Abutter Details

The owner of a property that is adjoining to another property is called an abutter. The two properties must share a boundary and be in close proximity. Abutting is the adjective used when an abutter describes their property or house as bordering another. For legal cases, the court will often define an abutter as the person who holds the property's record title, excluding tenants, associations, and partial owners.

While American jurisdictions such as New Hampshire, Nova Scotia, and Massachusetts use abutter as a legal term, other areas can define the same person differently. In Virginia, you may hear the term adjacent landowner, and in California, they sometimes use adjoining landowner. Most governments in the United States also have codes that detail abutter rights.

Abutter rights prevent instances where someone develops or makes renovations on the adjourning property that infringes certain rights. Generally, any alterations that affect an abutting property can be considered an infringement. Examples of scenarios that violate an abutters rights include:

  • Alterations completely block specific views
  • Access to a highway is restricted
  • An abutter doesn't get an opportunity to dispute developments in a public hearing

Real-World Example of Abutter

An abutter's rights include the rights of view, access, light, and air. However, the specifics of laws regarding abutter rights will vary by jurisdiction. A real-world example of abutters rights discussed in court is the 1994 case of Thomas H. Wilson vs. The People ex rel. Department of Transporation (DOT). Wilson was seeking severance damage for a freeway constructed by DOT that included a sound wall blocking northbound travelers' view of his business.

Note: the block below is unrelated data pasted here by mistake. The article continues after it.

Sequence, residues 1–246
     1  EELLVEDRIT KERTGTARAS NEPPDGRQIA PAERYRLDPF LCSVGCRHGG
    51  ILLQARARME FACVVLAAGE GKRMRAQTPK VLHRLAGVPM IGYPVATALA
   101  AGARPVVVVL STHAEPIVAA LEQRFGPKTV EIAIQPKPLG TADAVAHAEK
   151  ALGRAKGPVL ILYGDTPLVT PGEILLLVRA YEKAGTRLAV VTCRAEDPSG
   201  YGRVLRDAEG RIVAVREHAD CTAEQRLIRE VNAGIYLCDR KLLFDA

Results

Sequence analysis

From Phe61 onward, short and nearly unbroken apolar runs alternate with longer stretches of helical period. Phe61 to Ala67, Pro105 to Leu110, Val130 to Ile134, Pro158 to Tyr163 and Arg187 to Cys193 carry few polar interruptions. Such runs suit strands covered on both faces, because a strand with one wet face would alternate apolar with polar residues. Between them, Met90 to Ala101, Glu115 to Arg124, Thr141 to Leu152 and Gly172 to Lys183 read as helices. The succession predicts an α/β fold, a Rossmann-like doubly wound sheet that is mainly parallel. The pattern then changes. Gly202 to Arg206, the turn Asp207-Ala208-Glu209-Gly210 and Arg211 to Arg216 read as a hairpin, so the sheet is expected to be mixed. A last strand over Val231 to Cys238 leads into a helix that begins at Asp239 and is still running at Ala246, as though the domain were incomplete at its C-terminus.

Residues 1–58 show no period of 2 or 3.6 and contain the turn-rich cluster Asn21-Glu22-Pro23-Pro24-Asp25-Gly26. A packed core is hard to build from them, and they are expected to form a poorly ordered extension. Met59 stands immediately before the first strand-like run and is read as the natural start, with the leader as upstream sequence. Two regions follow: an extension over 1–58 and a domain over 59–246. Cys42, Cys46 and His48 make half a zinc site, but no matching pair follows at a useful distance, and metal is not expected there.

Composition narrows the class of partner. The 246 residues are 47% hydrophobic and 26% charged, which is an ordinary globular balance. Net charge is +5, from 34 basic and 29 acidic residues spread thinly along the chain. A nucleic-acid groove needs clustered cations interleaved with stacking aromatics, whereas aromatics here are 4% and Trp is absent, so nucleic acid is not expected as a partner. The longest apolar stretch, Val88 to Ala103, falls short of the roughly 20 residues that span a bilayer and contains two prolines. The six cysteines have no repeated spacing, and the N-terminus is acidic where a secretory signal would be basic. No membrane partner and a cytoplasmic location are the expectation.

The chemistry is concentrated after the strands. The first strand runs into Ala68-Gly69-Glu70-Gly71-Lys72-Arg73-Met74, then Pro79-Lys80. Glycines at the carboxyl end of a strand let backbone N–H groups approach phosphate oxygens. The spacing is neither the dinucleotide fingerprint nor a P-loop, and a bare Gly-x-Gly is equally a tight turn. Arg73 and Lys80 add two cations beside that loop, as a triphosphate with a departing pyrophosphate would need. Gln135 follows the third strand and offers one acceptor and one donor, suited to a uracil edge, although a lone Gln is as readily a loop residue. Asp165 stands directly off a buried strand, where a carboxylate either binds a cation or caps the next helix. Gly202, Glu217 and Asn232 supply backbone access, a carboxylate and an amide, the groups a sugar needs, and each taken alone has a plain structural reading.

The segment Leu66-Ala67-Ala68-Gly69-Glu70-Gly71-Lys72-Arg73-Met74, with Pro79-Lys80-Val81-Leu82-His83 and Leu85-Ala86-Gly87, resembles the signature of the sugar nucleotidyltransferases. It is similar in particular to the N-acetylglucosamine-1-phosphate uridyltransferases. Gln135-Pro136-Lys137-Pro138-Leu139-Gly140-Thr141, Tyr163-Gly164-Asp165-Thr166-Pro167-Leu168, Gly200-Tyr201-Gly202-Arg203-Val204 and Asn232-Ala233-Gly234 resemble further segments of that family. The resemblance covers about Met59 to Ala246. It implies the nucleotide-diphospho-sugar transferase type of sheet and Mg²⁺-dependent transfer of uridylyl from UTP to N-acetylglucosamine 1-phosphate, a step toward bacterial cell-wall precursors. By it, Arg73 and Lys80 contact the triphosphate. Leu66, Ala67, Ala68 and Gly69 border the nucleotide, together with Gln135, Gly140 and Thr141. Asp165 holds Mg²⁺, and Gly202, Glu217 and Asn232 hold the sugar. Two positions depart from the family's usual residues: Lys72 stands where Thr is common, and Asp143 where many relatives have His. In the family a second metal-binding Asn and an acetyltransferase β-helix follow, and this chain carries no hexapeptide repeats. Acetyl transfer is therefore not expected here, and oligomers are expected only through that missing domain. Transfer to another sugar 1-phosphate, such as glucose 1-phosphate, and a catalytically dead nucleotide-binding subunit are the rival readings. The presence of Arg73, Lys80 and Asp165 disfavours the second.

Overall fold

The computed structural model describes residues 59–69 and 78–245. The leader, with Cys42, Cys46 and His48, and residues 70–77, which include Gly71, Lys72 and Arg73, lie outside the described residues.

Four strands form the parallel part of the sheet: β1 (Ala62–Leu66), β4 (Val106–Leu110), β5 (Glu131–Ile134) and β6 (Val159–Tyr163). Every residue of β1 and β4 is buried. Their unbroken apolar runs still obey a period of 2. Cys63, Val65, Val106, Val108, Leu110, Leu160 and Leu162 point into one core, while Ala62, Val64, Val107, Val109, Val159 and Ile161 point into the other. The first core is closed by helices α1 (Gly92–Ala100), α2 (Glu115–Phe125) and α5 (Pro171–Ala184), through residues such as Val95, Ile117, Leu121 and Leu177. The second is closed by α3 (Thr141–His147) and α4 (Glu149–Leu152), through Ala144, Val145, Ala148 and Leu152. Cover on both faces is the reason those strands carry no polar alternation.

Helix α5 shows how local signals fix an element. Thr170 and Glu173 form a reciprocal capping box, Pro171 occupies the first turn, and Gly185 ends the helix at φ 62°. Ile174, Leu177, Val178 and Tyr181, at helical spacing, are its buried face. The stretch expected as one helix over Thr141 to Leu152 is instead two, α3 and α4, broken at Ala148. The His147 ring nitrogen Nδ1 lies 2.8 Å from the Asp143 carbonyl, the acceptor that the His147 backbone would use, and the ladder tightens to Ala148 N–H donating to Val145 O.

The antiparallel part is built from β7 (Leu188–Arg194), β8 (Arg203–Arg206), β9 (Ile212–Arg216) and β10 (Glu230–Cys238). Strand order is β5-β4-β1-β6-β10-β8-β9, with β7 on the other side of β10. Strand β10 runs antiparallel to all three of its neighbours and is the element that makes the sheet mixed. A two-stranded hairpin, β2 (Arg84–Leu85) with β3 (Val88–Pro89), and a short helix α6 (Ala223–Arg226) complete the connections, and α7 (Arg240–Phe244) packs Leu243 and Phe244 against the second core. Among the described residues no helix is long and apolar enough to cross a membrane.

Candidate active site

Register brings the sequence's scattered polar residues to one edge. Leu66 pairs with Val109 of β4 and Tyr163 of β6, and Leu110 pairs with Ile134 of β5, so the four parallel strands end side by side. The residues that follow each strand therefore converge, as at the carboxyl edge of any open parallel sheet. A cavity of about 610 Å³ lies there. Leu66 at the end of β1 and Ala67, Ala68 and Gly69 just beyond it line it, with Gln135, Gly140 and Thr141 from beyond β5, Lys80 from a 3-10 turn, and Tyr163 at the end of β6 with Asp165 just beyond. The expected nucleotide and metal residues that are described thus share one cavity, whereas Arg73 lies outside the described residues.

Although the law indicates an abutter has the right to preserve a highway view to attract business, this right does not extend to freeways. Additionally, Wilson's family had sold the portion of his property title to the state in 1954, giving up his abutters right. In other words, he no longer had property abutting the main thoroughfare or public road.

Wilson did not win his case, and his appeals were also denied. There are cases, however, like the 1975 Mehl v. People ex rel. Department of Public Works, where Mehl did not relinquish his abutter rights and did receive his compensation.

Significance of Abutter

Concerns of an abutter can receive special attention in land use regulations. It is essential to understand what your rights are as an abutter. For instance, when concerning new developments in properties bordering you, you may have additional rights compared to non-abutters.

If a developer wants to do construction on the abutting property, they must notify all abutters of their proposal and invite them to a public hearing. Since an abutter is most likely to experience the consequences of such developments, they will generally have the rights to be heard at the hearing without needing to request it.

Abutter vs. Adverse Possessor

An abutter is someone who owns property bordering another property. In contrast, an adverse possessor is someone who acquires a valid title of land owned by their neighbor through a doctrine called adverse possession. Adverse possessions can occur as a dispute among abutters.

An adverse possessor can engage in an adverse possession claim in multiple scenarios. A typical example is when an abutter wrongly places a fence away from the boundary line. Over time the property owners act as if the fence is the boundary line or new owners believe it is the boundary line. Another example is when an abutter enlarges their driveway, and it encroaches onto the neighboring property, thus allowing them to claim the driveway portion as their property.